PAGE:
When something happens at our schools, school administration needs to hear from us, the community! In response to events surrounding Millard North High School and the Catholic Archdiocese of Omaha, this is a quick guide on what makes a great letter. Every voice is important: Current students, parents, alumni, and community members. The most important part is to share why this decision or issue matters to you.Â
What does a letter look like?
Here’s a good letter structure, in 10 sentences or less:
- Your name, where you live
- Your connection to the school (I’m a student/parent/graduate or I live in the ___ area)
- Your ask (“Please reconsider this policy” / “Please show your support for LGBTQ youth by….”)
- Why does this matter to you?
- Give 2 reasons to support or change a policy
- (Optional) 1 personal story
- Your ask (repeat)
- Share where you can be reached for questions
- “Thank you for your time”
Often folks say:
“I’m not good with words.”
“I don’t have a connection to this school, should I still write in?”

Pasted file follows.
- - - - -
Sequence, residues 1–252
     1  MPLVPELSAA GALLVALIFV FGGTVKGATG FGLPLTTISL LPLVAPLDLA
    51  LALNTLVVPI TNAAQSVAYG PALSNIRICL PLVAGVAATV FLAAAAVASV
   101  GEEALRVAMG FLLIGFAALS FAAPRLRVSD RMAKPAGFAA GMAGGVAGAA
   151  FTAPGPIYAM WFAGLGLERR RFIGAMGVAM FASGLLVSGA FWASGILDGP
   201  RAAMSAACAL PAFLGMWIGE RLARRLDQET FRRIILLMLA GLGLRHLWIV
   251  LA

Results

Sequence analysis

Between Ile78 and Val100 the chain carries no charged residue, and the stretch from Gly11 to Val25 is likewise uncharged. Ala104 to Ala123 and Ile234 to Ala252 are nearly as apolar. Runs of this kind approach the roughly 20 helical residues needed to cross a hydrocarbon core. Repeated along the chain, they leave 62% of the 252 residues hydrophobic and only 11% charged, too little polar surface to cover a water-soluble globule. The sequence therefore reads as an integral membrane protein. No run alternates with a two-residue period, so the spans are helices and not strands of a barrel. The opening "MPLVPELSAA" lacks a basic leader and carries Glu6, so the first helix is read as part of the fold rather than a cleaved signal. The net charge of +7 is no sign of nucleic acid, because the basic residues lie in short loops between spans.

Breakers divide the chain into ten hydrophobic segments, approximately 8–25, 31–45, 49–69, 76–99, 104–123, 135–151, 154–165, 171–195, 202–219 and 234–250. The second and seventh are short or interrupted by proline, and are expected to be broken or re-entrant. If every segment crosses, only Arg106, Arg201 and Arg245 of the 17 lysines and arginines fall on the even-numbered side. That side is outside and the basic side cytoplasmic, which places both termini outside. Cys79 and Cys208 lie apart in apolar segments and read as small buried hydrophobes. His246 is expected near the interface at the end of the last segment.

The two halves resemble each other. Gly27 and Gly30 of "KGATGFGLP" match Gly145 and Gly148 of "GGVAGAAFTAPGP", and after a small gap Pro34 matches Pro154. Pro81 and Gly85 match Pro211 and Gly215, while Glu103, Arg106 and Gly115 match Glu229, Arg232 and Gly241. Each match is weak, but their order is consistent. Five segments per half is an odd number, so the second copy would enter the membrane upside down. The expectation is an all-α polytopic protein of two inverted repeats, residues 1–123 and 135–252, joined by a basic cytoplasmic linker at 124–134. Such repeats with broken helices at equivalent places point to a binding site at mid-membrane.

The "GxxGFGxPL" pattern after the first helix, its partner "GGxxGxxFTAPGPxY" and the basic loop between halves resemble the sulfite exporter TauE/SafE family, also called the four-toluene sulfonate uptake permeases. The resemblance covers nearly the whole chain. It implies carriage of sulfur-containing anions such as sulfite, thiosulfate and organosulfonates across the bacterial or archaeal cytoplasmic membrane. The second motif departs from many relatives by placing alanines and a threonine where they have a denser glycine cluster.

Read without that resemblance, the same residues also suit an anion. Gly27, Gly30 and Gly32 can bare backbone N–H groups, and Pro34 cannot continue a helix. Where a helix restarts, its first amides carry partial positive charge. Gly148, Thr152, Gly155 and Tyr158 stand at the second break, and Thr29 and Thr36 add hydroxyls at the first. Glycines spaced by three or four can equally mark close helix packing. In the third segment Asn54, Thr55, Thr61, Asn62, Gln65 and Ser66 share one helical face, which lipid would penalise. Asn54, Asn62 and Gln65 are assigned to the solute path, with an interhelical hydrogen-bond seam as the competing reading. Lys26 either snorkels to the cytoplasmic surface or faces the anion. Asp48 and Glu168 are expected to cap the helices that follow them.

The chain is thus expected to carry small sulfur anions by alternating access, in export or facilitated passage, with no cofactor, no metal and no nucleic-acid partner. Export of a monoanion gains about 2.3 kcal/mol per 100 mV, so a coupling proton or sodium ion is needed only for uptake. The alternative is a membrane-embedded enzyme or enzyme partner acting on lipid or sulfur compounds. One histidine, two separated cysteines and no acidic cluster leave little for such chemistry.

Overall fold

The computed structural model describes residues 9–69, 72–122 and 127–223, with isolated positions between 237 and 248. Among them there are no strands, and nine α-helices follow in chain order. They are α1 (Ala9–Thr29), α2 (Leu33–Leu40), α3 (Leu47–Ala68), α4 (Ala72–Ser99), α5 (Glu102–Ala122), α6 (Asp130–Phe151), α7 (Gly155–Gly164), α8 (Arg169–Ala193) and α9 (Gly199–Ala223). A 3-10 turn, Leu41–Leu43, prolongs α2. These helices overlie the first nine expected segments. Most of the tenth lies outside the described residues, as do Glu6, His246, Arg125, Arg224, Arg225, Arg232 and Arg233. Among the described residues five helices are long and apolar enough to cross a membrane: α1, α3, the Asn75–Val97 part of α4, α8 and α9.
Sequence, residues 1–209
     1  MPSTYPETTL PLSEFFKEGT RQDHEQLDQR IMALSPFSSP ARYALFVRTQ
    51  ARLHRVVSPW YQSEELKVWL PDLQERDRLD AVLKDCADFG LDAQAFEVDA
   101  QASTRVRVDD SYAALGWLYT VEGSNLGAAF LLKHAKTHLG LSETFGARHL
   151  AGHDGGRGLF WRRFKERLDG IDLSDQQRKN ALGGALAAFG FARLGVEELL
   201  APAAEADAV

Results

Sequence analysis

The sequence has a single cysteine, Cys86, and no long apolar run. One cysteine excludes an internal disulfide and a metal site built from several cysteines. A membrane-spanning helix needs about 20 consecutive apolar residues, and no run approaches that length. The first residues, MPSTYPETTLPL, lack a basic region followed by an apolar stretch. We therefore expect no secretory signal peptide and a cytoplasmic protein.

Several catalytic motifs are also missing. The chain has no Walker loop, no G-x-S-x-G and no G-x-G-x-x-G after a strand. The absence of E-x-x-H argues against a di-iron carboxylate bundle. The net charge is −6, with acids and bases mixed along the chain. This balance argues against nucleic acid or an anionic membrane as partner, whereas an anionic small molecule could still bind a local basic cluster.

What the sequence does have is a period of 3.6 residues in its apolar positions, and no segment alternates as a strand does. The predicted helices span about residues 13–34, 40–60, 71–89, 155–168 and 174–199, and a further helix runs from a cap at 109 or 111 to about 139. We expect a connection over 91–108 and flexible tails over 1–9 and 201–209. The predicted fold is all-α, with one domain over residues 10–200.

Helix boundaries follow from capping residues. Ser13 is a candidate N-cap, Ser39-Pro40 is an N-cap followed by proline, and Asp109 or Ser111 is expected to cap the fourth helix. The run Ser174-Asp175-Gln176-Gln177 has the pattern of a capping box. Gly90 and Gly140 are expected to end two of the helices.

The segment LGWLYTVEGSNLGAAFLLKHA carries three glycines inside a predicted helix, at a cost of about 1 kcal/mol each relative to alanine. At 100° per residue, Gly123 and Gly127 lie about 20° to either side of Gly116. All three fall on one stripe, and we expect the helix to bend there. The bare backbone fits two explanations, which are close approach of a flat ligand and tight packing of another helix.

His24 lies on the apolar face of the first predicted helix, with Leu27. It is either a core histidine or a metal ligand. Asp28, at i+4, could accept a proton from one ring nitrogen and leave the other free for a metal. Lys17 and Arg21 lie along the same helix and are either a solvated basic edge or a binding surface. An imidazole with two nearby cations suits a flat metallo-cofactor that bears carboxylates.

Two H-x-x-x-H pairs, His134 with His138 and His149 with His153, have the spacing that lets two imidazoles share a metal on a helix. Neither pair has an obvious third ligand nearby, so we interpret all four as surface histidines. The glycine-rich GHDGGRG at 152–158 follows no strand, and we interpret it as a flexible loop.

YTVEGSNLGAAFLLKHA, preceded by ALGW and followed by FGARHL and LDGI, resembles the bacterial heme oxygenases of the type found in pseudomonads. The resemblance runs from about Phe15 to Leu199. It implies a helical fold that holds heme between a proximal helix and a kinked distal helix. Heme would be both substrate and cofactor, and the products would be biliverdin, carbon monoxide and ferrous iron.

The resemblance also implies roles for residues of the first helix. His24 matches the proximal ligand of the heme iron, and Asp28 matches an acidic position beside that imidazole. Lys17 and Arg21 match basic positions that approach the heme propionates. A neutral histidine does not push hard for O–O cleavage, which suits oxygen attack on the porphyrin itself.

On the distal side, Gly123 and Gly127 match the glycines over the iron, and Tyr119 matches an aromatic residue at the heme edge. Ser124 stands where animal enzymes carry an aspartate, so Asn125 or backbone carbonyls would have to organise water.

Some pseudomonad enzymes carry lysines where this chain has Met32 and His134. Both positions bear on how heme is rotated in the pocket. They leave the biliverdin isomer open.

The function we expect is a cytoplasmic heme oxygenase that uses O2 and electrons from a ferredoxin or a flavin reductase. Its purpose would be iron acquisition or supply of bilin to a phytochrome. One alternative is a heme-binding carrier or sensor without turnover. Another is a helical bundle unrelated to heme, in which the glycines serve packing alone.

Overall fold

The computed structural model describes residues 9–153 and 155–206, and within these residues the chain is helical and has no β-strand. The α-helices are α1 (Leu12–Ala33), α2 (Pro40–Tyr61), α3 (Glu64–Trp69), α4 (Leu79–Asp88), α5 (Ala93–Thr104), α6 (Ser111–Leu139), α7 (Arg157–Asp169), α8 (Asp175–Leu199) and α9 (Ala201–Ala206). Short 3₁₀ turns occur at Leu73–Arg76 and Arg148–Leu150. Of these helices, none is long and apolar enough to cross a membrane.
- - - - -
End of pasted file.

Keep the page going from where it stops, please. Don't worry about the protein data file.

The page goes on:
“How does letter writing help?” Your voice matters.
A 1-sentence email is better than silence! Anti-LGBTQ people are writing to our schools constantly. Our schools need to hear from LGBTQ people and our allies as supportive voices. We can change the minds of conflicted school admins and give back-up to friendly admins who need more stories from their community.
What can you say in your letter?
Talk about yourself
- “I am a gay man who graduated from this school.”
- “I came out as transgender in high school, and here’s my experience.”
Relate support to learning
- “Supportive school environments help students focus on learning.”
What support means to you/would have meant to you as a young person
- “If I had felt supported at school, I would have avoided…”
- “When I was in school, my teacher had a safe space poster. That made me feel safe and welcome…”
Dear School Principal,
My name is Alex Smith and I live in Omaha. I am a graduate of Example High School. I am writing to you to ask you to support LGBTQ+ youth by revising your policy on LGBTQ posters.
While I was in HS, I came out as gay. My parents were not supportive of me. I remember walking into my English teacher’s classroom the morning after coming out to my parents and seeing a rainbow flag and safe space poster on the classroom door. I felt so safe and supported, and was able to talk to that teacher for help. Seeing those rainbow and safe space stickers put me at ease and gave me hope on really hard days.
It’s so important to support LGBTQ+ young people. Simple posters and rainbow flags mean the world to young people. It meant the world to me.
Again, I’m asking you to support LGBTQ+ youth by revising your policy. You can reach me at this email. Thank you for your time.
Millard North Principal:
MPS School Board: